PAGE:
Surrounded by industrial operations, scrap metal and sewage plants, it was surprising to see lovely green hillsides …
Upon closer inspection, we realized they were massive land fills, with methane venting.
Little Calumet River Marine Services
We spent our first night on the river in a very small marina, surrounded by some of the nicest local boaters, celebrating life.
But the flame across from our dock was from another land fill, a very unsettling experience that may have caused a rough night’s sleep filled with strange dreams.
Joliet City Wall
We reunited with Sea Trek in Joliet, tying up to the City Wall together, along with It’s Someday.
Ottawa – Heritage Harbor
As a storm continued to build, we found refuge at Heritage Harbor in Ottawa.
Henry – Lock Walls
Yet another unique experience, we tied off to the rock walls of a former lock.
Power was found about 5 feet off the ground, in anticipation of flooding.
Electrical expert, Dale Morgan, cringed at this photo!
After securing our boats to the rocks, we gathered at Henry’s Lakeside Tavern.
None of the Looper ladies were willing to contribute to the decor.
Five Looper Boats (10 people) closed the bar at Henry’s after a highly competitive game of pool.
Peoria – Illinois Valley “Ivy” Club
The invasion of loopers grew to more than a dozen boats at Peoria.
Havana – Tall Timbers
One of Rick’s Bucket List items is a visit to Havana. Something about the romance of a certain spring holiday in 1957, his parents, on a beach, you get the idea. Although we have not made it to Cuba, yet; Havana, Illinois was a little slice of heaven.
Beardstown, Logsdon Tug Service – Rafting to a Barge
It was a unique experience, tying off to a barge for the night. At Mile 88 we stopped at Logsdon, along with Sea Trek and It’s Someday.
Although it was a little tricky getting on and off the boat, the guys were delighted to get a private tour of the engine room. Yep, that’s a Cummins 1700hp – the tug has two of them. It’s just a little bigger than the 355hp in Exhale.
Slang from the tugs and barges
Most of the seasoned tug operators seem to talk with a gruff voice and a unique slang, that can be entertaining:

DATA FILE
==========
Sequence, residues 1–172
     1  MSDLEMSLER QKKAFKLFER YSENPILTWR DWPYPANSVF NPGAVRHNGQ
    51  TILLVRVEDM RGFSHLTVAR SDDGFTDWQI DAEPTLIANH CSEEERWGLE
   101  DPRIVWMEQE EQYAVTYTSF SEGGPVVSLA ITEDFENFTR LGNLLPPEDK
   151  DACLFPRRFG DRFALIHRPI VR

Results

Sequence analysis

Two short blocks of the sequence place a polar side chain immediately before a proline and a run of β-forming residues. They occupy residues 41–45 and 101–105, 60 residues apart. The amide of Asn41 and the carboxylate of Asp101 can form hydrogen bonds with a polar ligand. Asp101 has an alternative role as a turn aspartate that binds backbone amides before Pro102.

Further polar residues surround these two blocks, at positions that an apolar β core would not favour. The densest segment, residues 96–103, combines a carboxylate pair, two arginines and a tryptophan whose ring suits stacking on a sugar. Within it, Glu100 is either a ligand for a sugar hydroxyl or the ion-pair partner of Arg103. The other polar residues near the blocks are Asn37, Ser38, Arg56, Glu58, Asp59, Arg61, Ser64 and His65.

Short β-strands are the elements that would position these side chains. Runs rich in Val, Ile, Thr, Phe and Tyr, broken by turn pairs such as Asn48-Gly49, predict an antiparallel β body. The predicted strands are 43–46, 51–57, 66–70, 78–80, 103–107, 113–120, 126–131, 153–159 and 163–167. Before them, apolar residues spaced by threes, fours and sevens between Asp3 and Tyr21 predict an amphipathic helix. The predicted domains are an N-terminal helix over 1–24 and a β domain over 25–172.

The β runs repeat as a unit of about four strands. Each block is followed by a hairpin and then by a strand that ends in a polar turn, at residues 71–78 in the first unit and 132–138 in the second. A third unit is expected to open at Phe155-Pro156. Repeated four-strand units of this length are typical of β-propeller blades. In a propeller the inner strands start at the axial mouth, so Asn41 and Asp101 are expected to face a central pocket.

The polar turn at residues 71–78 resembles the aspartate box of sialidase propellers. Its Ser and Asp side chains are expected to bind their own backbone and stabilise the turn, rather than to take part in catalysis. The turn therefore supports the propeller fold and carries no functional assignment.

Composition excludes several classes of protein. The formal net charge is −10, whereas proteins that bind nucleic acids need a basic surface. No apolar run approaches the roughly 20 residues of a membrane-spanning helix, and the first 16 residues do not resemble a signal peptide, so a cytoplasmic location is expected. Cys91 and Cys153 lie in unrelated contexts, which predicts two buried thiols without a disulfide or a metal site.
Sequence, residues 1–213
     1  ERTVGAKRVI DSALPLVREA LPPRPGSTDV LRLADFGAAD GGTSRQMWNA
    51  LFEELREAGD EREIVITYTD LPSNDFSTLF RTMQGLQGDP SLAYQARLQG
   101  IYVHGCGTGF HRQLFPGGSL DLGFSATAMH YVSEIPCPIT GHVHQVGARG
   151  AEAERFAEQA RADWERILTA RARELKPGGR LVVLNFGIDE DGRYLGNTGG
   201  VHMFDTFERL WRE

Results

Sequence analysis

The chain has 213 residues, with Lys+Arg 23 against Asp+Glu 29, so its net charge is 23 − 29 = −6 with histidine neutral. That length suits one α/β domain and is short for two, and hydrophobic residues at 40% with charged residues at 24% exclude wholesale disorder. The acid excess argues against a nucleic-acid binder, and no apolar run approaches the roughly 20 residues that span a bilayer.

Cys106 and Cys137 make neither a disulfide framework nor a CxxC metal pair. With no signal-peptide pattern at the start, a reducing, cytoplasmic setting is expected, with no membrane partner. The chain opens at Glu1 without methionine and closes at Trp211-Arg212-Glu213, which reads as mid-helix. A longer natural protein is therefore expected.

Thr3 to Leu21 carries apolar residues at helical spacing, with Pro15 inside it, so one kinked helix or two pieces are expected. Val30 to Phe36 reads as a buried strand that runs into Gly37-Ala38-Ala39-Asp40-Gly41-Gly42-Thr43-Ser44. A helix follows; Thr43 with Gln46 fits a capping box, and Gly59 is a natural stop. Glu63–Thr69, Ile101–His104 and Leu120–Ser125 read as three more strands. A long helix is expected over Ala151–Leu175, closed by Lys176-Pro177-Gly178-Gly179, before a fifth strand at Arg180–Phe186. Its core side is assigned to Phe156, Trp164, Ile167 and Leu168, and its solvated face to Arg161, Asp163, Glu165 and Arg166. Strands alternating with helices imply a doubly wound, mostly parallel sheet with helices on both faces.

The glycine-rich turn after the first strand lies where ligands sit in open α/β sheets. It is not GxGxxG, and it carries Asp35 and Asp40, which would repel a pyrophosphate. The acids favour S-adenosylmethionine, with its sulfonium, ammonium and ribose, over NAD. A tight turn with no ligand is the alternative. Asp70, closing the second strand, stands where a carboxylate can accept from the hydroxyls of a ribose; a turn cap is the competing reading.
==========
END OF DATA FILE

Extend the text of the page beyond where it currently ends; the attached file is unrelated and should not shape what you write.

Meet up on the one whistle – when two crafts encounter one another, each staying in their far right lane of traffic
On the twos – when two crafts stay in the far left lane of traffic (yes, it seems backwards, like going up the down staircase)
This one goes ’bout twice across – a double width barge
Knock the rust off it – getting close enough to a navigational buoy that you could scrape the rusted paint off it.
Com on o’er it – come on over closer
Throw Down the Dam! We had heard the tugs say repeatedly, “gotta wait for the lock cause “they done throw down the dam” ??? The marina said the Peoria lock and dam was closed for maintenance, as the “wickets were down”, but you could continue south on the Rivers by going “over” the dam. The fear of going over a dam turned into a hearty chuckle for all of us when we learned the “wickets” were gates that had been dropped into the water, making the dam virtually undetectable.
Some of the tug names are very difficult to pronounce. These two were familiar.
Where Have We Been So Far? Thanks for asking 🙂
Total Locks completed = 132 plus 1 dam, includes:
- Florida – Lake Okeechobee area: 7
- Virginia – Great Dismal Swamp: 2
- New York – Troy & Champlain Canal: 12
- CANADA – Chambly Canal/Quebec: 9
- CANADA – Great Lakes St. Lawrence Seaway: 5
- CANADA – Rideau Canal/Ontario: 47
- CANADA – Trent-Severn Waterway: 44
- Illinois – Calumet and Illinois River: 6 plus 1 dam
States and Provinces traversed on the water, commencing March 1, 2018:
U.S (March 1- June 10). Florida, Georgia, South Carolina, North Carolina, Virginia, Maryland, Delaware, New Jersey, New York, Vermont. (August 10 – tbd): Michigan, Indiana, Illinois
Canada Provinces (June 10 – August 9): Quebec, Ontario.
Side trips (via auto or plane):
Los Angeles (MS [2 – April and May], Rick [3 – May, June and July] & Maddie [May], Cleveland (RMG, MS & Maddie [2- April and July], Craig [April])